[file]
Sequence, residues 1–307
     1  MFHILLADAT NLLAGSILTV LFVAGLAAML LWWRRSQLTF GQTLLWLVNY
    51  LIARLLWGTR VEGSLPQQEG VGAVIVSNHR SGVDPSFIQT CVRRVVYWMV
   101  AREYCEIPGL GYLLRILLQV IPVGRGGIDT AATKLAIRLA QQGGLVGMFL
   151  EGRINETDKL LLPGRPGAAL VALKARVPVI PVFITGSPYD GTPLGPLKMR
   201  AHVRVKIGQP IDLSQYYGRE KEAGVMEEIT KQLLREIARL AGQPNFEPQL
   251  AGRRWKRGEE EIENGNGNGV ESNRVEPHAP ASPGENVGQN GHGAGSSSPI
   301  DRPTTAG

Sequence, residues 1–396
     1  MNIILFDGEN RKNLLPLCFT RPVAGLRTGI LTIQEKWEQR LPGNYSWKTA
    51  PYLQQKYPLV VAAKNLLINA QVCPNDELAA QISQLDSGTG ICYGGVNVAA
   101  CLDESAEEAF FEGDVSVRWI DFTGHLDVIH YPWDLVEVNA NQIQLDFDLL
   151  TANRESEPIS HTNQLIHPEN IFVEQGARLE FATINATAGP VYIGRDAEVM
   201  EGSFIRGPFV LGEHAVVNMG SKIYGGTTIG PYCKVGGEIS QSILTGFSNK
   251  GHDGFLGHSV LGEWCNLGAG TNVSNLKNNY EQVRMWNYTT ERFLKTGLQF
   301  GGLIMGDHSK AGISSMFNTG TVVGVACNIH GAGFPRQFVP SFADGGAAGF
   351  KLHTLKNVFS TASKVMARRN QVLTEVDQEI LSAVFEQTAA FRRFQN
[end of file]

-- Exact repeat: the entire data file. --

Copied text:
Sequence, residues 1–307
     1  MFHILLADAT NLLAGSILTV LFVAGLAAML LWWRRSQLTF GQTLLWLVNY
    51  LIARLLWGTR VEGSLPQQEG VGAVIVSNHR SGVDPSFIQT CVRRVVYWMV
   101  AREYCEIPGL GYLLRILLQV IPVGRGGIDT AATKLAIRLA QQGGLVGMFL
   151  EGRINETDKL LLPGRPGAAL VALKARVPVI PVFITGSPYD GTPLGPLKMR
   201  AHVRVKIGQP IDLSQYYGRE KEAGVMEEIT KQLLREIARL AGQPNFEPQL
   251  AGRRWKRGEE EIENGNGNGV ESNRVEPHAP ASPGENVGQN GHGAGSSSPI
   301  DRPTTAG

Sequence, residues 1–396
     1  MNIILFDGEN RKNLLPLCFT RPVAGLRTGI LTIQEKWEQR LPGNYSWKTA
    51  PYLQQKYPLV VAAKNLLINA QVCPNDELAA QISQLDSGTG ICYGGVNVAA
   101  CLDESAEEAF FEGDVSVRWI DFTGHLDVIH YPWDLVEVNA NQIQLDFDLL
   151  TANRESEPIS HTNQLIHPEN IFVEQGARLE FATINATAGP VYIGRDAEVM
   201  EGSFIRGPFV LGEHAVVNMG SKIYGGTTIG PYCKVGGEIS QSILTGFSNK
   251  GHDGFLGHSV LGEWCNLGAG TNVSNLKNNY EQVRMWNYTT ERFLKTGLQF
   301  GGLIMGDHSK AGISSMFNTG TVVGVACNIH GAGFPRQFVP SFADGGAAGF
   351  KLHTLKNVFS TASKVMARRN QVLTEVDQEI LSAVFEQTAA FRRFQN